Hoffa

A baffling anti-biopic purportedly about Jimmy Hoffa (Jack Nicholson), the notorious, disappeared leader of the International Brotherhood of Teamsters. What it ends up being is a slideshow of Hoffa wheeling and dealing. Towards the end of the film, when Hoffa goes off to jail and someone tells a child “Wave goodbye to Grandpa,” we say “Wait a minute. We’ve hardly even seen his wife and kids, for Christ’s sake. What’s this Grandpa shit??”

Hoffa is handsomely assembled. Director Danny DeVito (who also costars as the composite character Bobby Ciaro, Hoffa’s right-hand man) stages some visually inventive scenes and transitions. But the movie also has to be called very bad. The span of forty years goes by in a ridiculous blur; DeVito never lets us know what city or even what decade we’re in, and writer David Mamet piles on the violent, profane language without bothering to shape the scenes dramatically so that we know what’s important and what’s just posturing.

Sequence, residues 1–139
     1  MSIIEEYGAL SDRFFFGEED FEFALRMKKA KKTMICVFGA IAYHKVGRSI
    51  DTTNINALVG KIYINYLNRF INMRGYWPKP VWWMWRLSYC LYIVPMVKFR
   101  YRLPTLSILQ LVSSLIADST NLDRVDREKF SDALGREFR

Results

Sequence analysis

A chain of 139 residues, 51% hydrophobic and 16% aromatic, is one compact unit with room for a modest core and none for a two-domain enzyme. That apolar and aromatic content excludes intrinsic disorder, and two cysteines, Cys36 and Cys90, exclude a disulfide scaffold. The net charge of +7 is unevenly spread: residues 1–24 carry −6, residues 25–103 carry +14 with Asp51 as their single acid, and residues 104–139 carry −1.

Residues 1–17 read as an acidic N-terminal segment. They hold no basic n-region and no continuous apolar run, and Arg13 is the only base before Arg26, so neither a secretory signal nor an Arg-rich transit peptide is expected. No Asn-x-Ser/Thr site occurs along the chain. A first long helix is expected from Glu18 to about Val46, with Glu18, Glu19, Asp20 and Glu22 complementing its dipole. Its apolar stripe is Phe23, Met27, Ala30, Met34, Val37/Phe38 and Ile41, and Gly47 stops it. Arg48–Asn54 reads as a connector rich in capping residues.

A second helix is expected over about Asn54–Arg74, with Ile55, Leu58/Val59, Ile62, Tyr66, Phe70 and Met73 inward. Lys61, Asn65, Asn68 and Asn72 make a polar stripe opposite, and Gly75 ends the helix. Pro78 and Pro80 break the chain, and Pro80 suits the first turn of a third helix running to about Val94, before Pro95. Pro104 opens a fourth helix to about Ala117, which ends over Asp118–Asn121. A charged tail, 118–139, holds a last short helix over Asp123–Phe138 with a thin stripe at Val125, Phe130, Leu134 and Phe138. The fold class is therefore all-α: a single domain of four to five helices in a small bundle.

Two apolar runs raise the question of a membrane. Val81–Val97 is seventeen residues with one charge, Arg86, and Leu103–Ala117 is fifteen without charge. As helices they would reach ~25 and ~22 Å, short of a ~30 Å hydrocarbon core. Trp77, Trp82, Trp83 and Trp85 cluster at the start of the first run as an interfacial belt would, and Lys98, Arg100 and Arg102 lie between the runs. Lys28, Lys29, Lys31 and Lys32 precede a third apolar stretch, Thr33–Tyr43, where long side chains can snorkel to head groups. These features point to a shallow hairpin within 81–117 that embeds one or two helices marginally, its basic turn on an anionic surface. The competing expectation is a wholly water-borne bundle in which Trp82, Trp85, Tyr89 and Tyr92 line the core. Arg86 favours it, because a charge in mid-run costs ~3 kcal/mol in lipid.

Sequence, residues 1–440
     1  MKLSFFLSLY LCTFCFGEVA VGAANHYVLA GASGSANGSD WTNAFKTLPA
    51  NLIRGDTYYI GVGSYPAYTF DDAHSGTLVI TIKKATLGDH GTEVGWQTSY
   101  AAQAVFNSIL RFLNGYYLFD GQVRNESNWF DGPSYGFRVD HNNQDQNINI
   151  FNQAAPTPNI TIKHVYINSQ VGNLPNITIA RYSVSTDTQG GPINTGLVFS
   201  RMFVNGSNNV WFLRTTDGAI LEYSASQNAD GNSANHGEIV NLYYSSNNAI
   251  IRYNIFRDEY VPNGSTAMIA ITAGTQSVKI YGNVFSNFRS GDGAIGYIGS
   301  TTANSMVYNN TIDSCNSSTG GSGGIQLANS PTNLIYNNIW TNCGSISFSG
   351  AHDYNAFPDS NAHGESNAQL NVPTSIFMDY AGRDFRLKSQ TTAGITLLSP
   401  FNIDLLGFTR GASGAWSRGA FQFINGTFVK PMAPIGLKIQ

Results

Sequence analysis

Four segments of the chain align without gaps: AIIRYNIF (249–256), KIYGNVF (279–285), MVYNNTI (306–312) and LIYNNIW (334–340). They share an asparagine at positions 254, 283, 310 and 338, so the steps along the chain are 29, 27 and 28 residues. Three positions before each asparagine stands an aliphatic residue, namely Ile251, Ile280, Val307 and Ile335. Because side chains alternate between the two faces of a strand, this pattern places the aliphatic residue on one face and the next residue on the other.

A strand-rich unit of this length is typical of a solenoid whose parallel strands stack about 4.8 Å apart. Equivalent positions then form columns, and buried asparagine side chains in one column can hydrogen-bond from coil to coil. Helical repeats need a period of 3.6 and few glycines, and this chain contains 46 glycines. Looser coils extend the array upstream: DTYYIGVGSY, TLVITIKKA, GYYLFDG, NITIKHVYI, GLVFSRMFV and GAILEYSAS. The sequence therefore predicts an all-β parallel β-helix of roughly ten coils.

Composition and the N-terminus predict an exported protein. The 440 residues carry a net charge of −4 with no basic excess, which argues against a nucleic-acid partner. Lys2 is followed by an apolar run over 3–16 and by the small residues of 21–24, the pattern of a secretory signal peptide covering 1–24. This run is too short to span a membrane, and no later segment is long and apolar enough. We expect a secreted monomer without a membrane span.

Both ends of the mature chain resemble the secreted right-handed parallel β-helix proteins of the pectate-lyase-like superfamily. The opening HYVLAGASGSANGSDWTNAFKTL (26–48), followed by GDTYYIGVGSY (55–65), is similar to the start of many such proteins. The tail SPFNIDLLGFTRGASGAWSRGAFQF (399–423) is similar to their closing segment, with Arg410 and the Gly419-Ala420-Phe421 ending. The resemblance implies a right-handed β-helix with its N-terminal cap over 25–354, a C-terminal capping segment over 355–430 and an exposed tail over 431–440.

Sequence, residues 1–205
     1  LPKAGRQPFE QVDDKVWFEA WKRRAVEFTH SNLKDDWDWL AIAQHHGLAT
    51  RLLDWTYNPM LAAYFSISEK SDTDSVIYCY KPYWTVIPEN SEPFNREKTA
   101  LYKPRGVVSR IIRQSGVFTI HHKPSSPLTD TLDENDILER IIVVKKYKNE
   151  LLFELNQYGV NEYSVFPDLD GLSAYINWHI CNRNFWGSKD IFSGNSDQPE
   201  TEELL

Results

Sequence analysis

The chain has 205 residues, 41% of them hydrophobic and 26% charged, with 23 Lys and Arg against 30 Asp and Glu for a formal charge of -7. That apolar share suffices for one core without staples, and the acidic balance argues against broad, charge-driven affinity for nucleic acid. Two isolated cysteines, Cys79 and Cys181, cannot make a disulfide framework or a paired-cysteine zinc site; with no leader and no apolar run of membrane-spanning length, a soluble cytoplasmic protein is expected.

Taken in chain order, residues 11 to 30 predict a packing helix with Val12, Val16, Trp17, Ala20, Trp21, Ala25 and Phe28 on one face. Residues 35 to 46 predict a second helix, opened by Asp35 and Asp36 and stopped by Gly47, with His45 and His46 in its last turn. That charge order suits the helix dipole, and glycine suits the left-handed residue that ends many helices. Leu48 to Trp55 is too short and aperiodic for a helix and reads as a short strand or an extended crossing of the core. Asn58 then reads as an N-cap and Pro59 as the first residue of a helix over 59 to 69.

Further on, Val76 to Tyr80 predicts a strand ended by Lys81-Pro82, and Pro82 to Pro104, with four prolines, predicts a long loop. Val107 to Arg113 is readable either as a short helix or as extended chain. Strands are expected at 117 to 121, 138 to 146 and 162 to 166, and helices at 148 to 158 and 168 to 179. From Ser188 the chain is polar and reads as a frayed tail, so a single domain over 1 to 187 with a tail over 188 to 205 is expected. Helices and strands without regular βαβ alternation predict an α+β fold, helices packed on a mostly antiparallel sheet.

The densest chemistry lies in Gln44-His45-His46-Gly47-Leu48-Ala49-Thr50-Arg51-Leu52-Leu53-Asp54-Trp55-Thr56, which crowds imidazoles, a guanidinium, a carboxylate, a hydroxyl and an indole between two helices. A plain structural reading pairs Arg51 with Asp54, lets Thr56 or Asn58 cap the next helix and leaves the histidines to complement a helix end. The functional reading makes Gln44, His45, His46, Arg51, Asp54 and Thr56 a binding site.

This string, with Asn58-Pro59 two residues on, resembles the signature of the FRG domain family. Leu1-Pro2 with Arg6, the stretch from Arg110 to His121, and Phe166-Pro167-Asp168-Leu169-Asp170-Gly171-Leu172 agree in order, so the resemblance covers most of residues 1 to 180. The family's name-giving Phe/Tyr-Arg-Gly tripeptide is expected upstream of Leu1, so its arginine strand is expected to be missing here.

Most of the film, indeed, is just posturing: Hoffa making triumphant speeches; Hoffa telling off Bobby Kennedy (Kevin Anderson, in a grating impersonation); Hoffa grandstanding. A lot of this was better-handled in Mike Newell’s 1983 TV movie Blood Feud (with Robert Blake playing Hoffa as ferociously as you’d expect). What impression of Hoffa do DeVito and Mamet want us to come away with? That he was a tough and fearless bastard watching out for the little guy? That he was a sell-out in bed with the mob? Who knows?

Hoffa raises many questions and gives no answers, but this shouldn’t be mistaken for artistic ambiguity. Wearing a putty nose that throws his whole face out of whack, Nicholson makes the first half hour or so entertaining, but then his performance begins to repeat itself. It’s a shame that DeVito, a genuinely talented director with the right script, chose this particular bad script (sorry, I really can’t take Mamet seriously as some sort of screenwriting guru when his resumé is long on stuff like this) as his first and, thus far, only dramatic effort.

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